Today more than ever, we need to understand cultural differences. A lot of times, we think about our differences in terms of rather superficial characteristics like red versus blue, East versus West, rich versus poor, religious versus secular. I’m a cross-cultural psychologist and have been trying to understand the deeper codes that drive behavior.
My focus has been on the degree to which groups strictly adhere to social norms. All groups have norms, or unwritten rules for behavior. We need them to predict each other’s behavior and coordinate on a daily basis. But what I’ve found is that certain groups are tight—they have strict rules and punishments for deviance—and other groups are loose—they’re more permissive and accept a wider range of behavior.
What I’ve found is that certain groups are tight—they have strict rules and punishments for deviance—and other groups are loose—they’re more permissive and accept a wider range of behavior.
Tight-loose is a continuum. For example, in a paper we published in Science, cultures like Japan and Singapore tended to veer tight whereas cultures like Greece and Brazil veer more loose. Tight-loose is related to but distinct from other cultural dimensions like individualism-collectivism. Our work has shown a clear trade-off that tight-loose confers to groups. Tight groups tend to have a lot of order—they tend to have less crime, more synchrony (even in city clocks and financial markets!), and have more self-regulation (lower debt and drug abuse). Loose cultures struggle with order, but they corner the market on openness—to different people, ideas, and change. All cultures have tight and loose elements—it’s the cultures that get too extreme in either direction that start to become dysfunctional.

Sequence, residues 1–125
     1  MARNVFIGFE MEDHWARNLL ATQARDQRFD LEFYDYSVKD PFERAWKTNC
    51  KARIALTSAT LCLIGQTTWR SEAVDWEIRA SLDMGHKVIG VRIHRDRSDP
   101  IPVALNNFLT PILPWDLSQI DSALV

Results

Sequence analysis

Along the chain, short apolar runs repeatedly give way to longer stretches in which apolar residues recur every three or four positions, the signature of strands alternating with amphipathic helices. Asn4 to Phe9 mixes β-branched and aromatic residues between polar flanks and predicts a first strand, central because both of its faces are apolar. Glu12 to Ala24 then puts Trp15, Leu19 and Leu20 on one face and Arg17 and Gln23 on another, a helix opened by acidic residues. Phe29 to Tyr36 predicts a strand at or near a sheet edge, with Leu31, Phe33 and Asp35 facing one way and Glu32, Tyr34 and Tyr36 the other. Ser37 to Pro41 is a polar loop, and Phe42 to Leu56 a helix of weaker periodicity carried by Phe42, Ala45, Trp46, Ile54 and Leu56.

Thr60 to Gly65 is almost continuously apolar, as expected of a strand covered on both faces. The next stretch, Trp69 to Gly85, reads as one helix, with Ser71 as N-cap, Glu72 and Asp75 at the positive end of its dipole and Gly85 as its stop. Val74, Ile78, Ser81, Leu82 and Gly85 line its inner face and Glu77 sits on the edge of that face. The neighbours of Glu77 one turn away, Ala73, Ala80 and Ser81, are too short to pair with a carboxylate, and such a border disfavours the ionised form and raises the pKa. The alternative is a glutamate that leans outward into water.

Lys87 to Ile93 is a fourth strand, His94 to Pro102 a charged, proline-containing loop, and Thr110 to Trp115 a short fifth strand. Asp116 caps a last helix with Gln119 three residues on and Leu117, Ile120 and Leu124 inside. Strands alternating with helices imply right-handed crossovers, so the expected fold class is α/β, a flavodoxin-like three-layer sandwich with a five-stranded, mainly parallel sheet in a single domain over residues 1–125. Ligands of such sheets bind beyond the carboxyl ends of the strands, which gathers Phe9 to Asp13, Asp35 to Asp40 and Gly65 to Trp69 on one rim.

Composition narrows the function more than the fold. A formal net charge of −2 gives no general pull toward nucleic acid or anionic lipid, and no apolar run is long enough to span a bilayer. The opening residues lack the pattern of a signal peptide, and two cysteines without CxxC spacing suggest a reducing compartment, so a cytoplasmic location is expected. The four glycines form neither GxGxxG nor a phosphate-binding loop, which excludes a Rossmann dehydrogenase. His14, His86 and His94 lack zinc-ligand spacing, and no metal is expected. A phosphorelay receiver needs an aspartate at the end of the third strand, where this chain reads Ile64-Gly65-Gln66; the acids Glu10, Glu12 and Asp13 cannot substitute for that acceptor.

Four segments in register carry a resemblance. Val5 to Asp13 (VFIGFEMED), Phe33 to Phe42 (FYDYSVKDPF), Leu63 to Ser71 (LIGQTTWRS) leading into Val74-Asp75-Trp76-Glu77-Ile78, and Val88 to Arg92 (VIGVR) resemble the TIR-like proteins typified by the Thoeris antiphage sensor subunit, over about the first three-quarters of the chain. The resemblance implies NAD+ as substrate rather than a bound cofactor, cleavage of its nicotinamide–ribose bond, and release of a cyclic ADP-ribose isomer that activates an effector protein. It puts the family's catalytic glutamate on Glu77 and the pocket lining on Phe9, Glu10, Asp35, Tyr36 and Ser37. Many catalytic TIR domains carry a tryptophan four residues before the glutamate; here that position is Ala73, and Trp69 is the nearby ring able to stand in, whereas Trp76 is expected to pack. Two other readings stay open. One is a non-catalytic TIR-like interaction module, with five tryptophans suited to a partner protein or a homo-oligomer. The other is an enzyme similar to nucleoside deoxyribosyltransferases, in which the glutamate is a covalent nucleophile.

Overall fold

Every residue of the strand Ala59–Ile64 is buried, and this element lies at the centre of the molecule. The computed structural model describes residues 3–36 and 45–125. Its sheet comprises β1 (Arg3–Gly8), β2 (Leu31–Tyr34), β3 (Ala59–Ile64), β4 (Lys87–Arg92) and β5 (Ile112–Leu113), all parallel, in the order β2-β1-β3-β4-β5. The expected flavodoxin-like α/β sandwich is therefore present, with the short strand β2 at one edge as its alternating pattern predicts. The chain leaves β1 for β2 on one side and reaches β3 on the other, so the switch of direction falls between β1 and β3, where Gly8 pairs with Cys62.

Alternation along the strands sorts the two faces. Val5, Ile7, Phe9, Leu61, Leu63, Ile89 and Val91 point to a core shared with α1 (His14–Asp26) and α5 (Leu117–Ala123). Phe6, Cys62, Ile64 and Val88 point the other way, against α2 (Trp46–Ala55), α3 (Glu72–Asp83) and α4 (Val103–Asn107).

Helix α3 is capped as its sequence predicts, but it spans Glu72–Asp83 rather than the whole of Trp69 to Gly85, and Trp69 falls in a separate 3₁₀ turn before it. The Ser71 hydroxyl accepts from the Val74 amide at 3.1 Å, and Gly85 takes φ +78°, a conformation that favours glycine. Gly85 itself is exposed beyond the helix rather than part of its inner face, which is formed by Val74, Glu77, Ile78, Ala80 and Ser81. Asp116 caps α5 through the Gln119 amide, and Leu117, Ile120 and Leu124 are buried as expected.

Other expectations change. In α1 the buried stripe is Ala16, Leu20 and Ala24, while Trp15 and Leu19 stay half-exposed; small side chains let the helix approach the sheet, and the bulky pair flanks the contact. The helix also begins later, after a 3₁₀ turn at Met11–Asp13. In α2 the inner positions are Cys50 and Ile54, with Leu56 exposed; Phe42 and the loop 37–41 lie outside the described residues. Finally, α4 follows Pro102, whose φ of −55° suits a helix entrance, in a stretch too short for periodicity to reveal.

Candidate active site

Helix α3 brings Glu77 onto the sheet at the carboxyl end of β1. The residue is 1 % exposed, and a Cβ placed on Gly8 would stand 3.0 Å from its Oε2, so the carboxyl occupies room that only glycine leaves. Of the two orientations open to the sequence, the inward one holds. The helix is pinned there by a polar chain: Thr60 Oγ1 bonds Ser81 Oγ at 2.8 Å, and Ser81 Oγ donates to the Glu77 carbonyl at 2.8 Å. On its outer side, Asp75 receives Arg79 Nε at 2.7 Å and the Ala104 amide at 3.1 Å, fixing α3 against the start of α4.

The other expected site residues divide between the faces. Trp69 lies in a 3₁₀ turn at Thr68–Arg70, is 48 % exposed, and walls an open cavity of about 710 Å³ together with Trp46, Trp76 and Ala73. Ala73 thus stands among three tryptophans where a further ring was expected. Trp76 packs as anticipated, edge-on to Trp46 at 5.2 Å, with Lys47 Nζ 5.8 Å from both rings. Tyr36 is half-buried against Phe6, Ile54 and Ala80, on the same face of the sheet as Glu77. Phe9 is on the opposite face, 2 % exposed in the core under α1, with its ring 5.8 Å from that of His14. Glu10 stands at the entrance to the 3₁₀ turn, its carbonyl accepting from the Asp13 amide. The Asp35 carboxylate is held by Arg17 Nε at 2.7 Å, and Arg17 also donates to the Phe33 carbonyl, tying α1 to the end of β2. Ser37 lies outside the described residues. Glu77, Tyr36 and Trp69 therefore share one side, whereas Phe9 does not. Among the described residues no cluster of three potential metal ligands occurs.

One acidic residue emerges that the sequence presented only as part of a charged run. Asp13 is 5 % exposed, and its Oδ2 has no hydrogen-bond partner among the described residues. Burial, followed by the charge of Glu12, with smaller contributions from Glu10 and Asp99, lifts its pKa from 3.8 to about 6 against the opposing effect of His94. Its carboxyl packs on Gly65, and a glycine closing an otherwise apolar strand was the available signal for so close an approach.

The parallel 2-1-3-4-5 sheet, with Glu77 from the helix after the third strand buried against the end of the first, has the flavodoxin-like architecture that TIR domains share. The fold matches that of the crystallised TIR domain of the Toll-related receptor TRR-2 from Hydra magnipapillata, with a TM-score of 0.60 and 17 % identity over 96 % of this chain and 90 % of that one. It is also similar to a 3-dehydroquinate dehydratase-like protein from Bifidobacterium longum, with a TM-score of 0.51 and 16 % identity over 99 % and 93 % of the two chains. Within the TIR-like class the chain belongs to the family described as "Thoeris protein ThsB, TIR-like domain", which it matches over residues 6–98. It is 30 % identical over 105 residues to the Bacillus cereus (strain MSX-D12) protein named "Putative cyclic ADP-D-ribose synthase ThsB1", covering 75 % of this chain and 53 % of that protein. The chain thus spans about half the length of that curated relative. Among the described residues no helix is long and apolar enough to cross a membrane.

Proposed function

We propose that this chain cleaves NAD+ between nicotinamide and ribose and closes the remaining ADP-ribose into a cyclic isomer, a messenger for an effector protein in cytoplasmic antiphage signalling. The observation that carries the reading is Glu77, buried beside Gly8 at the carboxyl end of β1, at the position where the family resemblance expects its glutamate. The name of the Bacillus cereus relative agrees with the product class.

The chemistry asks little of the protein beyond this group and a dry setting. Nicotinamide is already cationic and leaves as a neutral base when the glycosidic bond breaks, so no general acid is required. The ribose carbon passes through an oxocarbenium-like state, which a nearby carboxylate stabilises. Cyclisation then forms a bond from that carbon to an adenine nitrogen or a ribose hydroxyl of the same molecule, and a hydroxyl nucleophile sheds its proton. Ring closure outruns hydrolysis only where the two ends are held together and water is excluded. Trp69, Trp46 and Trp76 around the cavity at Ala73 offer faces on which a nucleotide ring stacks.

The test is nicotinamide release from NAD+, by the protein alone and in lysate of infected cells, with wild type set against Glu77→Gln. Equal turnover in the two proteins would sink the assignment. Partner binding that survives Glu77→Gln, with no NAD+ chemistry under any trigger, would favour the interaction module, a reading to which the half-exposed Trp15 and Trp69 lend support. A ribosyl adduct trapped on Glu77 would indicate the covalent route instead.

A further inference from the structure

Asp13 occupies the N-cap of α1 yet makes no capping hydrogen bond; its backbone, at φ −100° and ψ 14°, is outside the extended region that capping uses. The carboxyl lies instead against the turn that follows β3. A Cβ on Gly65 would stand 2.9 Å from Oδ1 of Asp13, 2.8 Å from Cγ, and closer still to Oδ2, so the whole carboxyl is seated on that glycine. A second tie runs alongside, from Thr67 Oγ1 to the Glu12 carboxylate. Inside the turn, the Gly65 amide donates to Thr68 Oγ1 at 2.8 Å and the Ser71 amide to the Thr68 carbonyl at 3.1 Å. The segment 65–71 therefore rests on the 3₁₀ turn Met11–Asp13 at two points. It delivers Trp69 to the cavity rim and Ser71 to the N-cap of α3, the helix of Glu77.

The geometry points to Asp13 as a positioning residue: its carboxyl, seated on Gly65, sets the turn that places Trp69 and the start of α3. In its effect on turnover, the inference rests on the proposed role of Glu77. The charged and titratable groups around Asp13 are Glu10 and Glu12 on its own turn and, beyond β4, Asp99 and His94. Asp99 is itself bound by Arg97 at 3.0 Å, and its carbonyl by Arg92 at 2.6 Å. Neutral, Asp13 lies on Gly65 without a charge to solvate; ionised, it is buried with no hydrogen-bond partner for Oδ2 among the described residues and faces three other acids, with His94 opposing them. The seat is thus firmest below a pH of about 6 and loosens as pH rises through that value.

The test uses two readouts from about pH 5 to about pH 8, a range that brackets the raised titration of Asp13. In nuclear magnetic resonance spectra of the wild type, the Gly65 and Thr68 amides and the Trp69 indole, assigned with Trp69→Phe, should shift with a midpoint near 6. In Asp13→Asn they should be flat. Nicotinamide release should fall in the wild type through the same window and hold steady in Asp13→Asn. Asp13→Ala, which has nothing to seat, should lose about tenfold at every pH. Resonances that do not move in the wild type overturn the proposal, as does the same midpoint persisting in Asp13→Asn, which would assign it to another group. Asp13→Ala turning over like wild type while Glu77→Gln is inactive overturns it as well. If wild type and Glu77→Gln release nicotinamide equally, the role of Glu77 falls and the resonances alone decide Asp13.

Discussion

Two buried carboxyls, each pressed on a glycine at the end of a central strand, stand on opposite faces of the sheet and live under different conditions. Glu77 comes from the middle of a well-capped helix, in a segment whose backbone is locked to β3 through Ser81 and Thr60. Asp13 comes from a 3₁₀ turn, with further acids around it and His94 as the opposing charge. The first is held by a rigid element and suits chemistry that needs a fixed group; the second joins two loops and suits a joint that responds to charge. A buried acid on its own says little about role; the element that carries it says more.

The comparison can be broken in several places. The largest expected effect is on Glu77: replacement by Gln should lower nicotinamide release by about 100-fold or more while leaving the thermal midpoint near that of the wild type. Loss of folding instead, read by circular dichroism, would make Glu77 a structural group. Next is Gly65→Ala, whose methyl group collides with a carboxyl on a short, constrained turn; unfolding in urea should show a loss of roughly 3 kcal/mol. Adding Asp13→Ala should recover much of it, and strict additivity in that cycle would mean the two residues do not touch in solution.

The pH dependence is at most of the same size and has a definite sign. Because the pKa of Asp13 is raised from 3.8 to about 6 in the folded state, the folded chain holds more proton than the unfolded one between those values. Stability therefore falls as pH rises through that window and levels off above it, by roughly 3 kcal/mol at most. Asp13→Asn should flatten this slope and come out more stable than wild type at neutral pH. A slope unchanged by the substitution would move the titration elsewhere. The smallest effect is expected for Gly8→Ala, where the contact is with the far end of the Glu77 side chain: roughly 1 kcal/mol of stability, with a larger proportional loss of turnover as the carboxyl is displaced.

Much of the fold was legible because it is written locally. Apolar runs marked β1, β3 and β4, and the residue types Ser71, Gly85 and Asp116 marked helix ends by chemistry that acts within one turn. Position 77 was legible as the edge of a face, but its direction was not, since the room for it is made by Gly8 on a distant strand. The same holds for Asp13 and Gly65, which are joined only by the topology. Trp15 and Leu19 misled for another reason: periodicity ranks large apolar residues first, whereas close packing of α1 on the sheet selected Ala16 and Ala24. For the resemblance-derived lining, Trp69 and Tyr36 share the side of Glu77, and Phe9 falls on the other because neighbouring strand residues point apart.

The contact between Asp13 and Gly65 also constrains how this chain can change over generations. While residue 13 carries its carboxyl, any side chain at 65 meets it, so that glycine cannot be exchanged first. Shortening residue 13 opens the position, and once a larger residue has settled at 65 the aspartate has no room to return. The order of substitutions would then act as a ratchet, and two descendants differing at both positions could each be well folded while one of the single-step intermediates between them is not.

What we also find is that there are good reasons cultures evolve to be tight or loose. It has to do with threat. When groups experience chronic threat—either from mother nature (think natural disasters and famine) or from human nature (think invasions, pathogens, or high population density)—they need strong rules to coordinate to survive. Our data across nations and states and social classes have illustrated this, and computational models we’ve developed also show how threat affects the evolution of tightness. We’ve also seen the same pattern in preindustrial societies. When there’s threat, strong rules help groups survive.
There are good reasons cultures evolve to be tight or loose. It has to do with threat.
But what we’ve found is that even when we activate fake threat in the lab, it produces the same psychology of tightening: people want stricter rules and endorse autocratic leaders who promise to return them to a tight social order. Field data also show that people who misestimate the number of illegal immigrants in the United States believe the U.S. is too loose and endorse President Trump. Of course, leaders also activate and amplify threats, target already threatened populations like the working class, and use this strategy to gain popularity. This has been happening for centuries. Today, more than ever, we need to negotiate fake threat so that we don’t tighten unnecessarily. Our lab has been developing a new computational dictionary of threat to be able to track it on social media and identify its antecedents and consequences.